Inspired by the ergonomics of technical backpacks, these hybrid backpacks don’t skimp on their features. They have sturdy hip belts to carry heavy loads along with comfortable shoulder straps, load adjusting straps, and sternum straps. Padding and an internal frame make carrying a big load easy as they once again transfer the weight away from your shoulders to your lower body. While having these important fit features, they also tend to look a little bit less offensive than the large technical packs do. Designers of these bags understand that the excessive straps useful on hiking trips can be a liability when you’re travelling if you aren’t able to tuck them away.

Hybrid travel backpack traits you'll complain about

Not a carry-on backpack

Hybrids tend to be larger in size, which means you may be hard pressed to pass many of these ones off as carry-on size. It can be frustrating not to have the option of carry-on if you want to keep all of your belongings close by. In addition, this can lead to packing excessive gear or lugging around a bag bigger than what’s needed if you’re on a shorter trip. In terms of design, they don’t tend to come with the same kinds of digital nomad-friendly features that carry-on packs do. So if you’re looking for specific pockets for different kinds of technical devices and optimized accessibility to them, these packs may not be the right fit.

Not a technical backpack

 These travel backpacks also aren’t technical bags. This means that although they have many of the technical features outdoor backpacks do and you can comfortably carry a heavier load, they aren’t designed specifically for all of your backcountry needs. Like their lack of digital nomad-friendly features, these travel backpacks tend to be missing their backcountry-friendly features. You won’t find specific places to attach your trekking poles on these packs and their clamshell openings, while great for organizing your clothes, are not optimal for carrying your camping gear.

Recommended choices for hybrid travel backpacks

If you’ve decided the hybrid backpack may be the travel companion for you, here are some recommendations to get you going:

Recommended hybrid A: The Osprey Farpoint

 This has been a traveller favourite for some time, and for good reason. Available in 40, 55, 70, and 80 liter versions, the Farpoint is an option for every size of frame and type of trip. While it may still look like a technical backpack, its durability and practicality has won it only the best reviews from a number of travellers we’ve spoken with.

“I'm a huge fan of my Osprey Farpoint Travel Backpack. While it's not so great for hiking or camping, this backpack is perfect for traveling around Europe, South America or Asia. While this pack has a hip belt, it's a bit smaller than your average hiking pack and can be zipped into the back of the backpack so that nothing gets caught on a conveyor belt when you check a bag. It also zips around the edges like a regular backpack, so I can easily access all of my things. Finally, it has a detachable daypack that I can clip into the front straps, which is great for avoiding pickpockets when I have valuables inside!”​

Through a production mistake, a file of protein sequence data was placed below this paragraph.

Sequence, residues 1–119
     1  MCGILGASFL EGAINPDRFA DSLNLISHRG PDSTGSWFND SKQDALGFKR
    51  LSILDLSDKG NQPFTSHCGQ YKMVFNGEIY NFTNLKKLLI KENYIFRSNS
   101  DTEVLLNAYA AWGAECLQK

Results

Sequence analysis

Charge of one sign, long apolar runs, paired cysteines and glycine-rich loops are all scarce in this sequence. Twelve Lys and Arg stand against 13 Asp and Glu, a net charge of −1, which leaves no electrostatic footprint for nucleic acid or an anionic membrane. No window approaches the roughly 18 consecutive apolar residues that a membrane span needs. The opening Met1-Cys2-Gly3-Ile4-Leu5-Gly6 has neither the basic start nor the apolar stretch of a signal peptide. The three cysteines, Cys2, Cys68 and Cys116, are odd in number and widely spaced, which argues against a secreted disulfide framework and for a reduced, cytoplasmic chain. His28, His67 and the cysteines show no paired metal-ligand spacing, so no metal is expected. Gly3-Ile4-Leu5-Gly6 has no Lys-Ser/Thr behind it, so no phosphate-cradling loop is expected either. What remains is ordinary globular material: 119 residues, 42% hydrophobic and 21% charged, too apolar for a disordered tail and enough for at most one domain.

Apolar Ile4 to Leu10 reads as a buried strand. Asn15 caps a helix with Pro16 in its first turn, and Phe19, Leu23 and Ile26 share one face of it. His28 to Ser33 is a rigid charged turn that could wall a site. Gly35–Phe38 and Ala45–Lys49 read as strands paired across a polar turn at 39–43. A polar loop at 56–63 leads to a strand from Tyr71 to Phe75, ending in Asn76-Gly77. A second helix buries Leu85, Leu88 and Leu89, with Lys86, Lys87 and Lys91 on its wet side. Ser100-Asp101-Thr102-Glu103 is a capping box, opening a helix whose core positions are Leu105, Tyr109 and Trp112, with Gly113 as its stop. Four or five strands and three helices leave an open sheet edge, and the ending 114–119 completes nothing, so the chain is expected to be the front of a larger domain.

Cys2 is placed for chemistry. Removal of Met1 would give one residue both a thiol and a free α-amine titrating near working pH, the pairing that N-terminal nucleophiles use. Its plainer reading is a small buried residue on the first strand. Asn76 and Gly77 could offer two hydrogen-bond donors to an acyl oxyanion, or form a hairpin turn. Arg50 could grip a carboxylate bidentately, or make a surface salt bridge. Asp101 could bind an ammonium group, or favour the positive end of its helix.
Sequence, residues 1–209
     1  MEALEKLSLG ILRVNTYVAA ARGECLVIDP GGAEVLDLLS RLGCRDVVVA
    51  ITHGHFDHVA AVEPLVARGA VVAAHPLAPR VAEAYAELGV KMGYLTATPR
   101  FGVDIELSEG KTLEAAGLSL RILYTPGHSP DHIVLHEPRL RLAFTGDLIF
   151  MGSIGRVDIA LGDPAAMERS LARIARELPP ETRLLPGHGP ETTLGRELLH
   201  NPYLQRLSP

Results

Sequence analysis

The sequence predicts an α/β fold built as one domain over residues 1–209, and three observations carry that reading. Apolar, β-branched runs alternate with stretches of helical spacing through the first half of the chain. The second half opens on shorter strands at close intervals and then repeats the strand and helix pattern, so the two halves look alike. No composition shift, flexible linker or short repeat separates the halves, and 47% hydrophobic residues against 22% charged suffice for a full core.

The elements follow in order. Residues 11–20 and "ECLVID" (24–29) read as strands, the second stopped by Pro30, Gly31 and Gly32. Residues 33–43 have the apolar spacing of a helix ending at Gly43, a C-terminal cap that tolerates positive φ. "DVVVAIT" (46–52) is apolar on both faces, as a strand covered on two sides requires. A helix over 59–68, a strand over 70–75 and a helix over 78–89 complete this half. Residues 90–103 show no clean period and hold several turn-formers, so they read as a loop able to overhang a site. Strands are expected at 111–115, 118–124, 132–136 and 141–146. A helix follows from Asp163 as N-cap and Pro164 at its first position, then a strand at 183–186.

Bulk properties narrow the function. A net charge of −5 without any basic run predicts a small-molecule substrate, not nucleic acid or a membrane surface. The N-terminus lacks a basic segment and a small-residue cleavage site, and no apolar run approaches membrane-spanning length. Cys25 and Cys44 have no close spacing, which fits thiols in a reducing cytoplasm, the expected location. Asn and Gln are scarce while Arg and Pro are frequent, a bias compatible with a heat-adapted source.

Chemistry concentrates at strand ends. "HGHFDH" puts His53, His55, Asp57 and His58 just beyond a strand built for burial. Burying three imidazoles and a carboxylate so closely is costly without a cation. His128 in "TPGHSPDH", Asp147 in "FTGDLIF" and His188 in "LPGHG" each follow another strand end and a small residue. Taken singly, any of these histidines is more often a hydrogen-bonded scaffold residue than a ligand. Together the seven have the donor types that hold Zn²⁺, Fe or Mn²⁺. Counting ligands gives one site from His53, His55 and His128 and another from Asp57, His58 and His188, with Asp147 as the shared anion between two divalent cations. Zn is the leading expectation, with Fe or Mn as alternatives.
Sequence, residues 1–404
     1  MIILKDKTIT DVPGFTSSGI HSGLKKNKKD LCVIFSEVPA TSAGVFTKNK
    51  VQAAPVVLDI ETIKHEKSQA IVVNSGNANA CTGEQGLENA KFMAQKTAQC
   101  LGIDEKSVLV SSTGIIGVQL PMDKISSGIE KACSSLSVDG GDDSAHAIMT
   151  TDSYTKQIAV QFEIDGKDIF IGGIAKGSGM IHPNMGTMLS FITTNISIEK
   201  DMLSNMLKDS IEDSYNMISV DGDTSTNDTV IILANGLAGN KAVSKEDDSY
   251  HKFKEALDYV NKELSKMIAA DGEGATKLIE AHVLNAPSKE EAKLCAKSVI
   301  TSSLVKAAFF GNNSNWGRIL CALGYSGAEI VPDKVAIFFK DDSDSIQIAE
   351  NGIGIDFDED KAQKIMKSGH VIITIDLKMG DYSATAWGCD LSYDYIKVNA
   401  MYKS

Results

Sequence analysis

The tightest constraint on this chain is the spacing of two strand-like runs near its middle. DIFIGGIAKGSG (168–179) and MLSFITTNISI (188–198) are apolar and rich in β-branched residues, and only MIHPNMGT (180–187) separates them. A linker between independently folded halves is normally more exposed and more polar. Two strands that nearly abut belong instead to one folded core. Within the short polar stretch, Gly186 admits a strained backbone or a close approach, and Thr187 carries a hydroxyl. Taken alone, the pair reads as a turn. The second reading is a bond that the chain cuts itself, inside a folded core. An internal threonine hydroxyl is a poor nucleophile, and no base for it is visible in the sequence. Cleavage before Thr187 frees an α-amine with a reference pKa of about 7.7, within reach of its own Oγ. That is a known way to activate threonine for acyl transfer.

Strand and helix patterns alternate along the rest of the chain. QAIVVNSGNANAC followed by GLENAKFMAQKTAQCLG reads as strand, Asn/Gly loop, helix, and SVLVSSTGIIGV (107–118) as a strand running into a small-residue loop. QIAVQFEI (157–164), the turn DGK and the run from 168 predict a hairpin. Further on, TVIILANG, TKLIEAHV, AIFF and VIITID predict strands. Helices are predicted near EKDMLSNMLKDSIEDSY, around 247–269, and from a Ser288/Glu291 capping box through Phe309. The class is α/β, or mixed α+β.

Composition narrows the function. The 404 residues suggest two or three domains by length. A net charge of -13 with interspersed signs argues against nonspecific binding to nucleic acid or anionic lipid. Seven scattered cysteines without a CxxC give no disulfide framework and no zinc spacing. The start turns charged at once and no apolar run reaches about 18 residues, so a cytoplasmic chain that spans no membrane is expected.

“For my one-year trip around the world I used the Osprey Farpoint 70. What I like most about it is that it's a front-loading bag. I wouldn't go for a top-loading backpack because you have to remove most of your stuff if you wanna take something out. It's really annoying, especially if you're moving from one place to the next quite frequently. I also like that the attached day-pack has a separate laptop compartment. It keeps my laptop safe and easy to access. I think these two are the most important features for me.”​

Recommended hybrid B: Banana Backpacks Khmer Explorer

I couldn’t leave our bag out of this article, so here it is with full disclosure that in spite of my best attempts to be as objective as possible, there is inherent bias here!  We designed the 60L Khmer Explorer with the goal of bringing style and organization to a sizeable travel backpack. To meet the needs of long-term travellers visiting multiple climates, this travel set has durable, weather resistant fabric and torso height adjustability options on par with technical backpacks. To achieve style and organization that technical packs lack, the Explorer’s hip belt and shoulder straps can be fully concealed to protect them during airline travel, two large clamshell compartments open fully, and there are plenty of pockets and packing cubes to organize your gear.

Every one of Banana Backpack is individualized with an embroidered patch on the heart (left) strap. This is the name of a Cambodian student whose education is supported for a year through the purchase of your specific bag. Like the Osprey Farpoint, this pack may not serve you the best for camping or hiking, but it’s a great companion for travel to multiple different places and climates.

The MEC Travel Backpack Supercontinent Family: An Honourable Mention